“Dear brothers and sisters, what can we do in comparison with God, who served us even to the point of being betrayed and abandoned? We can refuse to betray him for whom we were created, and not abandon what really matters in our lives. We were put in this world to love him and our neighbors. Everything else passes away, only this remains. The tragedy we are experiencing summons us to take seriously the things that are serious, and not to be caught up in those that matter less; to rediscover that life is of no use if not used to serve others. For life is measured by love. So, in these holy days, in our homes, let us stand before the Crucified One, the fullest measure of God’s love for us, and before the God who serves us to the point of giving his life, and let us ask for the grace to live in order to serve. May we reach out to those who are suffering and those most in need. May we not be concerned about what we lack, but what good we can do for others.”

~ from the Palm Sunday homily of Holy Father Pope Francis at Saint Peter’s Basilica

 

As we enter this most holy week of the year, let our faith remind us that the essence of Easter is the mystery of what God has already done for us. Even though it is natural to lament the temporary loss of many of the  Easter traditions we love – big family gatherings, festive dinners, egg hunts, and more – the true joy that flows from Jesus’ Resurrection from the dead should not be dimmed at all. If anything, perhaps this Easter will be a more powerful experience of this awesome gift – as we see the passing nature of things in this world, the object of our love, Jesus, is never diminished by sickness, suffering of death. Our Lord is Risen … Alleluia!!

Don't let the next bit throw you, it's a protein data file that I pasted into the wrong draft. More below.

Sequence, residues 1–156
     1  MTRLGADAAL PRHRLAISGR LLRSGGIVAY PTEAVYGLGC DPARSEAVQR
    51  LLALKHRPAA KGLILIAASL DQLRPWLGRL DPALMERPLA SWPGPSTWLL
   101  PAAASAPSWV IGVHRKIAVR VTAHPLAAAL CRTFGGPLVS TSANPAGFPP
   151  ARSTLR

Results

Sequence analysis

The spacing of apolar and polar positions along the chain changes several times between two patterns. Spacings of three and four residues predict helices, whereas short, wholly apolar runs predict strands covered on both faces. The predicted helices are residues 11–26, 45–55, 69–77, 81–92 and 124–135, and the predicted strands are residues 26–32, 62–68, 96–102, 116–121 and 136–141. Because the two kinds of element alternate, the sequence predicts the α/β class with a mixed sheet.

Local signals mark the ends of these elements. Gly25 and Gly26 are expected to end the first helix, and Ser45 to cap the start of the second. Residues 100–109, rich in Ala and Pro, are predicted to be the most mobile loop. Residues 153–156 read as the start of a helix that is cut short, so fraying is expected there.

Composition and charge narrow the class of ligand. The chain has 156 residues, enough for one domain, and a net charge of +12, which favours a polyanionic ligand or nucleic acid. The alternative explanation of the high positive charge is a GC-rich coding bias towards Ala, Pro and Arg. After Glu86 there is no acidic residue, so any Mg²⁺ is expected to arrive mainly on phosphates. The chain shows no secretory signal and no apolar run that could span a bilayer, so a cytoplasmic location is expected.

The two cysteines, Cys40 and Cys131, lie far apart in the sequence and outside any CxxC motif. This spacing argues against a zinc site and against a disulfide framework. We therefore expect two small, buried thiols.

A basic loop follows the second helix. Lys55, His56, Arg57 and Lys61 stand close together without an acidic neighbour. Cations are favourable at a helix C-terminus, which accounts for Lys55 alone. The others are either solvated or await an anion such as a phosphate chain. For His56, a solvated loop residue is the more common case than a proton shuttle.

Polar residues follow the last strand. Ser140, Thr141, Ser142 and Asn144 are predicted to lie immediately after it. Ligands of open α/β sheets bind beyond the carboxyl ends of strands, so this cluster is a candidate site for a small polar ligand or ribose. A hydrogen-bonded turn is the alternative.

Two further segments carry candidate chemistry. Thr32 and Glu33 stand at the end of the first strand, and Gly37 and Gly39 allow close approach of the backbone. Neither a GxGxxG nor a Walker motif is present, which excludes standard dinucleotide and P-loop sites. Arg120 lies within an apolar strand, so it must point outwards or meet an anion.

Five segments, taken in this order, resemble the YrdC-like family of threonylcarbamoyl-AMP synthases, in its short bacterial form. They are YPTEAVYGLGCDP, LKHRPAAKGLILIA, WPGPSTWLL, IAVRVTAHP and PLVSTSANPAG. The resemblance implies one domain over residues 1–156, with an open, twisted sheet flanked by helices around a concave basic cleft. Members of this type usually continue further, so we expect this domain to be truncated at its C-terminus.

We can have a spiritually-powerful Holy Week as we make time each day for prayer, follow our the Live Streamed liturgies from the parish, embrace fasting and abstinence, and try to focus a little more on God’s love and mercy. We can read Scripture, spiritual books, and use the free subscription to FORMED to stay close to holy thoughts as God calls each of us closer into His heart.

May the joy and peace of the Risen Christ dwell in your heart this Easter and may the light of His glory drive away all fear and despair. May Our Blessed Mother keep you and your loved ones safe in her care. We look forward to worshipping with you ‘in spirit’ in the days ahead – we hope you join us for our live-streamed liturgies!

 

God Bless you and Happy Easter,

Father David

 

 

Holy Week

Liturgies Live Streamed

Palm Sunday (April 5) – 10:00 am

Holy Thursday Mass of the Lord’s Supper (April 9) – 7:00 pm

Good Friday (April 10) – Stations of the Cross 3:00 pm, Passion of Our Lord 7:00 pm

Easter Vigil Mass (April 11) – 7:30 pm

Easter Sunday Mass (April 12) – 10:00 am

 

 

Sacrament of Reconciliation

Monday, April 6 – 5:00 pm – 7:00 pm

Tuesday, April 7 – 6:00 pm – 7:00 pm

Wednesday, April 8 – 9:00 am – 11:00 am

 

 

Private Prayer in the Church

Monday through Wednesday – 9:00 am – 3:00 pm

Holy Thursday  – 9:00 am – 6:00 pm

Good Friday – 9:00 am – 2:30 pm, 3:30 pm – 6:00 pm

Holy Saturday – 9:00 am – 6:00 pm

Easter Sunday – 11:00 am – 3:00 pm

 

 

Next Week

Monday through Friday – 9:00 am – 3:00 pm

Saturday – 9:00 am – 3:30 pm

Sunday – 11:00 am – 3:00 pm

 

 

Fasting and Abstinence

Good Friday is an obligatory day of fasting and abstinence for Catholics. The norms on fasting are obligatory from age 18 until age 59. When fasting, a person is permitted to eat one full meal, as well as two smaller meals that together are not equal to a full meal. The norms concerning abstinence from meat are binding upon persons from age 14 onwards.

If possible, the fast on Good Friday is continued until the Easter Vigil (on Holy Saturday night) as the “paschal fast” to honor the suffering and death of the Lord Jesus, and to prepare ourselves to share more fully and to celebrate more readily his Resurrection.

A note from Father David: Fasting has spiritual power when we make it a prayer and unite our sacrifice to the Cross. We can offer up our fasting for the remission of the coronavirus, for those who are ill, and for those who feel abandoned by God and the Church. Since the world is in need of much grace right now, I’d encourage those outside of the age ranges listed above to still consider some type of fasting and abstinence on Good Friday or beyond.